Thursday, December 13, 2012

Hot Mulled Apple Cider

Need a warm drink to serve to family and friends this season?  Our gated community has this annual tradition where one night in December there will be some porches throughout the neighborhood that hand out holiday beverages and snacks. Everyone walks around visiting and admiring each others Christmas displays. The snacks on each porch are different.  Some have eggnog and treats, some have cocoa and gingerbread.  Santa photo ops, candy, and cookies are yet on another porch, and my porch is now famous for my mulled hot apple cider.  People come back year after year saying how they've been looking forward to my cider, so that makes it a sure-fire winner in my book.  We also love to make it for Thanksgiving and Christmas when the family is together.

Hot mulled apple cider - always a crowd favorite

This recipe is great for a large gathering or party because it simmers for a few hours until serving time, and as people start to drink it, you can add more juice as you go along, thus stretching it out to serve more people.  You can make this in a big pot on the back of the stove or in a crock pot to save counter space.  Gather the following ingredients: (Full printable recipe at the end of the post)

2 large containers apple juice (96oz 3 full quarts each)
3/4 cup brown sugar
cinnamon sticks
whole all spice berries
whole cloves
2 oranges

Start with one 96oz container of apple juice and pour it into your pot.  You want to fill it up about 1 1/2 inches from the top.  Depending on the size of your pot you can add more juice from your second container.  I keep the extra juice on hand to refill the cider and also to cool down any kid's cups.

This recipe is very kid friendly as well - apple juice is the base

Next add 3/4 cup brown sugar and stir together

The creepy dark blob at the bottom is the brown sugar slow spreading out

Next you want to cut off a section of cheesecloth about 12 inches long.  Cheese cloth can be found in the baking and sometimes cookware sections of most stores.  I have also found it randomly hanging in aisles as a bonus display item throughout the store, so keep your eyes peeled.  If I find some I stock up and grab a few because when it comes time and I actually need them, they are no where to be found.  Get your 12 inches of cheesecloth wet, wring it out, and lay it on the counter.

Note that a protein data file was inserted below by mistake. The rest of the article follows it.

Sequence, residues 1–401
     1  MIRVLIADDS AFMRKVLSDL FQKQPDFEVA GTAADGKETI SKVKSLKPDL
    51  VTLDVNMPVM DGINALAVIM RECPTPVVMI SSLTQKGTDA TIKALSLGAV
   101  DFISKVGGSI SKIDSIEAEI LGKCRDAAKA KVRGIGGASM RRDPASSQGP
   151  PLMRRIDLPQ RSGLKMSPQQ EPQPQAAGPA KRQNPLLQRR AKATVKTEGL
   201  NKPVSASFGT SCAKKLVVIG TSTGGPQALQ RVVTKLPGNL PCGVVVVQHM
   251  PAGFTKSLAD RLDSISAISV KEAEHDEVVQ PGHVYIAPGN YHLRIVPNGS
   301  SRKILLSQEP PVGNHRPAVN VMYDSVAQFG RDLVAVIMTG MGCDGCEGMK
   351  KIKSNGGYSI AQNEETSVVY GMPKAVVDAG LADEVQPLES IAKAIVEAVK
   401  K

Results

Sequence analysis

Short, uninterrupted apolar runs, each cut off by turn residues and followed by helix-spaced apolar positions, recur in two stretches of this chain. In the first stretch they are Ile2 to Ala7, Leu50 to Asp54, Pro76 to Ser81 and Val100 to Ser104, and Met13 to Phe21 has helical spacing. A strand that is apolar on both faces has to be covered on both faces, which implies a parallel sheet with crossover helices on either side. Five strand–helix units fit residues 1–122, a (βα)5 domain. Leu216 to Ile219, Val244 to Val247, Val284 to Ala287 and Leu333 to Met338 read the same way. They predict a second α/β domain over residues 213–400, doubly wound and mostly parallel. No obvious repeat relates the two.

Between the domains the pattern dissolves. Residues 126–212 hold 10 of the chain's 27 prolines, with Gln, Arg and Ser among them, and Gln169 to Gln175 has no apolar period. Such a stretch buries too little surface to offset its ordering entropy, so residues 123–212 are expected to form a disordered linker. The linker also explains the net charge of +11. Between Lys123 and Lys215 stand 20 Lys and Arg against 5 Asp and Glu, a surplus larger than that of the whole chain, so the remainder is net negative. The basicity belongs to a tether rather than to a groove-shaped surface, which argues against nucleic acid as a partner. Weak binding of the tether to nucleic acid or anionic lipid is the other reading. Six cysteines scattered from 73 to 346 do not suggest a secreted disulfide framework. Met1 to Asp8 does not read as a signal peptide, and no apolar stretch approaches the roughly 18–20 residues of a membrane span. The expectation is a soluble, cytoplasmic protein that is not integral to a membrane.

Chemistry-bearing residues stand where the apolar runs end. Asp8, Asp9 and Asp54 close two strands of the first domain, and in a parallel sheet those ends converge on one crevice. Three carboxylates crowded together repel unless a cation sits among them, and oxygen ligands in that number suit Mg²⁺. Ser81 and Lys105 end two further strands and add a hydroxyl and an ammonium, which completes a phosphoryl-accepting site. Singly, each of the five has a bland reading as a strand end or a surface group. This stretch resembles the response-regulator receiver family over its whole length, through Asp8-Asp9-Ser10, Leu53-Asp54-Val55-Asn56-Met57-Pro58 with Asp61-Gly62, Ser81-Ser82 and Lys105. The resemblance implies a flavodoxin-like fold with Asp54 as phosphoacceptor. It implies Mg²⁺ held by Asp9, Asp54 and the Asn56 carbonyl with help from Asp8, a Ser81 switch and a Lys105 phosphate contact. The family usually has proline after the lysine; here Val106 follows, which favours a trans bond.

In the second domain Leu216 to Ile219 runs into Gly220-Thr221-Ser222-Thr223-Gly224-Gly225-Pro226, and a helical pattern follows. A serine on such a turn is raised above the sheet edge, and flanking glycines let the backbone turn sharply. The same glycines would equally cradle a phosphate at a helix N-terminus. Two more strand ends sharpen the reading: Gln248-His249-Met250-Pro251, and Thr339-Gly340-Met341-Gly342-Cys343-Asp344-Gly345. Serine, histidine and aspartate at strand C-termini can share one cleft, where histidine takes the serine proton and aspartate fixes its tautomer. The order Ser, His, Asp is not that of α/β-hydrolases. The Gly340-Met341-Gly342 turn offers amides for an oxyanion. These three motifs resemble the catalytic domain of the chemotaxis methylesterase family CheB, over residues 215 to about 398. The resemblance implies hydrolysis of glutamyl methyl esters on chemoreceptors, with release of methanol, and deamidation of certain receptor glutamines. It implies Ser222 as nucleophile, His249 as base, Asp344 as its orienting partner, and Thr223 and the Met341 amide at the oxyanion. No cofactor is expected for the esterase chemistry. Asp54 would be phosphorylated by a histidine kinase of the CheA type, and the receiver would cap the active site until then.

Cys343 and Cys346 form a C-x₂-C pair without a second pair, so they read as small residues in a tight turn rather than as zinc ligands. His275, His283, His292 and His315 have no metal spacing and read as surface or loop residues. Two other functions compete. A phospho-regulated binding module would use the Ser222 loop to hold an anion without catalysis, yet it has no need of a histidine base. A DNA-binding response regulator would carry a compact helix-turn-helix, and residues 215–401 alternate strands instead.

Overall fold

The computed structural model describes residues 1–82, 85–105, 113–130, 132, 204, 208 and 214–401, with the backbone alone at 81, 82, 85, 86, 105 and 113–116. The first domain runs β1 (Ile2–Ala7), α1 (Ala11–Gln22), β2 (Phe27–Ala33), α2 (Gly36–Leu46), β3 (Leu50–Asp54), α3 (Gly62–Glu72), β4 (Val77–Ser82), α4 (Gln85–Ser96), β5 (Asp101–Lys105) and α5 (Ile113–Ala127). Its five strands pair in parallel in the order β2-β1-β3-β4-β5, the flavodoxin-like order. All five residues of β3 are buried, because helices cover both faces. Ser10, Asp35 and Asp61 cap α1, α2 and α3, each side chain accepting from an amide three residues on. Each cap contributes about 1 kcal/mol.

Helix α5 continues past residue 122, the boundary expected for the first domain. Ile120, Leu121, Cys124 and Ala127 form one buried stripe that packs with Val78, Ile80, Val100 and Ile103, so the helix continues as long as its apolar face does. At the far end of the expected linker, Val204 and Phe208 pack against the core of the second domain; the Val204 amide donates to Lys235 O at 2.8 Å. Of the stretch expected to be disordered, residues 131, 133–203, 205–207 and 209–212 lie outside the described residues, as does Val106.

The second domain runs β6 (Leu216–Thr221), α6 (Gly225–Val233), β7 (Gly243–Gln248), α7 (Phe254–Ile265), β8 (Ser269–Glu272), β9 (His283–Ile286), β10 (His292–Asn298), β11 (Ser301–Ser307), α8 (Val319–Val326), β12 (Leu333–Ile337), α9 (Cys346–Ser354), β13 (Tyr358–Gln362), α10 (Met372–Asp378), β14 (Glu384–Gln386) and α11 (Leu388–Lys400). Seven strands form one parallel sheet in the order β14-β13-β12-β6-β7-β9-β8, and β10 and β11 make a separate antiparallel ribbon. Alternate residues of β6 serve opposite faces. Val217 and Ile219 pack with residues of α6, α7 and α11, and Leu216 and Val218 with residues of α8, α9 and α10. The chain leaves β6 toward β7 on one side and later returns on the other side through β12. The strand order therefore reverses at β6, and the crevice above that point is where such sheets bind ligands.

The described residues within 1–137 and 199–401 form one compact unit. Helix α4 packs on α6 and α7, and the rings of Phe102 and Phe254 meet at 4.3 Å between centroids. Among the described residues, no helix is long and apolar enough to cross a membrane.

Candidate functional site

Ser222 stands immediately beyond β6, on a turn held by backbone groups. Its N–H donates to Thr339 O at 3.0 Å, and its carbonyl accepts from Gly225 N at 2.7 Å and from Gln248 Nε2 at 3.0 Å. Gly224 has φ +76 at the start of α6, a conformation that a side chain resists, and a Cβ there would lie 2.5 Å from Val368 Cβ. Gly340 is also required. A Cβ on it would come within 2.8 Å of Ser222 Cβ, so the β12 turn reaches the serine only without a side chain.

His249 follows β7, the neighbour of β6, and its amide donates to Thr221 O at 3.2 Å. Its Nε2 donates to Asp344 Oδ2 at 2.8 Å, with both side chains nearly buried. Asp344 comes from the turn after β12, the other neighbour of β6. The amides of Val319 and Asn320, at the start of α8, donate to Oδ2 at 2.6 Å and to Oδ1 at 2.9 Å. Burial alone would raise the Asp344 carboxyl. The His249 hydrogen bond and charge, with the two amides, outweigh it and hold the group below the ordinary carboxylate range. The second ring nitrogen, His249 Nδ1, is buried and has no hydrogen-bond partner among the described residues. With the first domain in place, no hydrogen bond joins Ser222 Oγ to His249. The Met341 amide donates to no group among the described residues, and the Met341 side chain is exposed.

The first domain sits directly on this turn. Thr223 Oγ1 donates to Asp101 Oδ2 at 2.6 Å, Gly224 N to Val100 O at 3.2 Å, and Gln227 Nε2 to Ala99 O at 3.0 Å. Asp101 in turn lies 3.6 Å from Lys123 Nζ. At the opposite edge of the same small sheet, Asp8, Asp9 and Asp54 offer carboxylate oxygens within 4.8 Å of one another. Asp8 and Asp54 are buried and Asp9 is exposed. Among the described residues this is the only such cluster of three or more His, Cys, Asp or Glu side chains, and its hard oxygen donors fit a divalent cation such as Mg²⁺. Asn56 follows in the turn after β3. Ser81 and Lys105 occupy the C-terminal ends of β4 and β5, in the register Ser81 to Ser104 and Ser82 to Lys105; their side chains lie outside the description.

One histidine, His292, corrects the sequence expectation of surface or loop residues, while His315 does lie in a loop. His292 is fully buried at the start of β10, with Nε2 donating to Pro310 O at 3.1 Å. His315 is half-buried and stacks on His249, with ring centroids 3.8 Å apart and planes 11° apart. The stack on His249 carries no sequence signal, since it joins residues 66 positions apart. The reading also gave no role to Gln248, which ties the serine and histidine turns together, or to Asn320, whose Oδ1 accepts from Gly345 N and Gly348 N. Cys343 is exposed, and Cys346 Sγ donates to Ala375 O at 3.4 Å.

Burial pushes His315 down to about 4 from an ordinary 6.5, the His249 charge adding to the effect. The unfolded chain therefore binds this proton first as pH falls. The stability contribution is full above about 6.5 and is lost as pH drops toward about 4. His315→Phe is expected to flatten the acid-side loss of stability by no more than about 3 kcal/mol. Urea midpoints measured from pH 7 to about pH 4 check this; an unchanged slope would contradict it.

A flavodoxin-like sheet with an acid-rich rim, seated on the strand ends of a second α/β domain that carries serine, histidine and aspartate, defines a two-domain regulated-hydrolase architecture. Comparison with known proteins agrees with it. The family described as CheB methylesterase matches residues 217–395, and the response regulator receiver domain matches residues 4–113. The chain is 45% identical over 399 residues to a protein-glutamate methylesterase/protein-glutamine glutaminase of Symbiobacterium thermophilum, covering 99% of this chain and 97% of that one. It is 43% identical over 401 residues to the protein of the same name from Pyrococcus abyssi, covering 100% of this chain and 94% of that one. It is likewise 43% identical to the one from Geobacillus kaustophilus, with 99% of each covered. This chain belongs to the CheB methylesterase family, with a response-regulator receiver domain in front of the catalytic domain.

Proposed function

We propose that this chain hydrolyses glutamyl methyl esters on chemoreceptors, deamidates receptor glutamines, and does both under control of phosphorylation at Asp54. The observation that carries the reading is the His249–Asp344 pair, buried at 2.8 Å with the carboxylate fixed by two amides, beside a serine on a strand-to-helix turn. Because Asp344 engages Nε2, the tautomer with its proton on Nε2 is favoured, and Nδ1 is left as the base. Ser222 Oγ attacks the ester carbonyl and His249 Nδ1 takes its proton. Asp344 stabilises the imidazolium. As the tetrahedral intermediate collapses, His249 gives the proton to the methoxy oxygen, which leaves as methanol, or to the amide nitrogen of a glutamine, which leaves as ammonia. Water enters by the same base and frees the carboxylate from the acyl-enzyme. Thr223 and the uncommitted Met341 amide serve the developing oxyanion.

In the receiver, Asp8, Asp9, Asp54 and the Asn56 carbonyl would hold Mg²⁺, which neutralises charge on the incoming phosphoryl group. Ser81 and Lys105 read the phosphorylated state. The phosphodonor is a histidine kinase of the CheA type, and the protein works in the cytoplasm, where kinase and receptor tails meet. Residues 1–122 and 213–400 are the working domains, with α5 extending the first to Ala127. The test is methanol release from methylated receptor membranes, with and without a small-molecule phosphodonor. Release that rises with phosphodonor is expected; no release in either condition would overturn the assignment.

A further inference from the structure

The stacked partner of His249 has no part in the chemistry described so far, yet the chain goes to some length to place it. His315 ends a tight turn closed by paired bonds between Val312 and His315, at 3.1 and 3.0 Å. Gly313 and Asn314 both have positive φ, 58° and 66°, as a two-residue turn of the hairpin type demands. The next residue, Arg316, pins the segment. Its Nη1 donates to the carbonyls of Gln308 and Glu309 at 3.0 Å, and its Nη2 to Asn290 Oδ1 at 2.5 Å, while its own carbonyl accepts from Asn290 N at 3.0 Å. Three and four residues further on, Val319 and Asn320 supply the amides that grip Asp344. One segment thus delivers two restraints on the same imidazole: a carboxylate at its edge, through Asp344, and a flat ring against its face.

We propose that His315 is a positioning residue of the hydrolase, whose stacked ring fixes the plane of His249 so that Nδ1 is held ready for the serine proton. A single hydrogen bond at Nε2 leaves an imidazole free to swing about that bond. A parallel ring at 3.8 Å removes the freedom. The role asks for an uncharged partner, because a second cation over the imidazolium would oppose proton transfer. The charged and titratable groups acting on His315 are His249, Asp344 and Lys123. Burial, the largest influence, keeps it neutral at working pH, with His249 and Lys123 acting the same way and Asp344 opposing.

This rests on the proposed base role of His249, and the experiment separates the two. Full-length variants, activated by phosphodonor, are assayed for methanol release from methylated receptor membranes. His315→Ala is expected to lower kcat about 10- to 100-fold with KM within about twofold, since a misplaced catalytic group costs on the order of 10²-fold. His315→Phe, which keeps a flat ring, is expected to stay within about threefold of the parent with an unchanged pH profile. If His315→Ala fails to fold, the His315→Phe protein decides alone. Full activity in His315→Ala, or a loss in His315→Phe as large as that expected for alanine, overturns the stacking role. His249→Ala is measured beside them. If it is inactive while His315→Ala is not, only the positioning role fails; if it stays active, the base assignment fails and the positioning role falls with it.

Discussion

Cheese cloth.  See-through mesh that lets you add flavor without chunks in your food!
Next, take four medium cinnamon sticks and break them in half and lay them in the middle of the cheesecloth.  Add exactly thirteen whole allspice berries.  Not twelve, not fourteen.  Thirteen.  I don't know why this exact number is true, but I have added more one time on a whim and the cider takes on a weird strong spice taste, so thirteen is the magical number.

This will make your house smell wonderful, by the way

Next you want to roll up your spices in the cheesecloth.  Try to seal them into the center of the cloth.  Then tie up the long sides in a simple X knot.  Place this spice packet into the apple juice in the pot.

The cheesecloth will let the spices "mull" into the juice, changing into cider

Next you want to grab two oranges and some whole cloves

Two more lovely smells that add to the holidays

Take whole cloves and push them into the peel of the orange. Put a clove about every 1 inch all the way around.  Sometimes the tops of the cloves are sharp, so I use a paper towel to help push them in without hurting myself.  Once there are cloves all the way around I will cut the orange in half, and then cut each side into three slices

Your hands will smell delicious after this by the way
Do this for both oranges.  Now as you put each slice in the pot, squeeze out some of the orange juice and try to throw the slices in clove side down.  They will roll around no matter what you do, so don't worry about it too much.

Once all the oranges are in (and your spice pack is totally submerged underneath them in the liquid) turn on your burner to medium low and keep an eye on it.  It's okay to bring it to almost a boil then back it off to medium low.  If you have a crock pot, set it on low.  You don't want this to boil, or even simmer, but to just get warm and toasty for at least three hours as the spices start to spread througout. Feel free to stir from time to time.

After about 3 hours of mulling, your house will smell fabulous and your cider is ready to serve.  Like I said, as people start to scoop out mugs you can slowly add more juice in.  I keep the pot on "low" for the whole party.  If it's too hot for kids, cool it off with some extra apple juice.  After the party you can save the left overs in a pitcher in the fridge and heat it up for single servings the next day in the microwave. Toss the used bag of cheesecloth with the spices away, but here's a tip: Save the left over orange wedges and put them in your garbage disposal to make it smell nice. Here are some shots by the way of the last four years of our porch during the neighborhood "Holiday Happenings".

We would have Christmas music playing on the radio, and I would keep the mulled cider warm on the side burner of the BBQ. People would come and visit for a few and move on to the next house.  It was a great way to meet new people in the neighborhood too.  All in all it has been a a very nice holiday tradition.  Enjoy the cider!  Full printable recipe found here.

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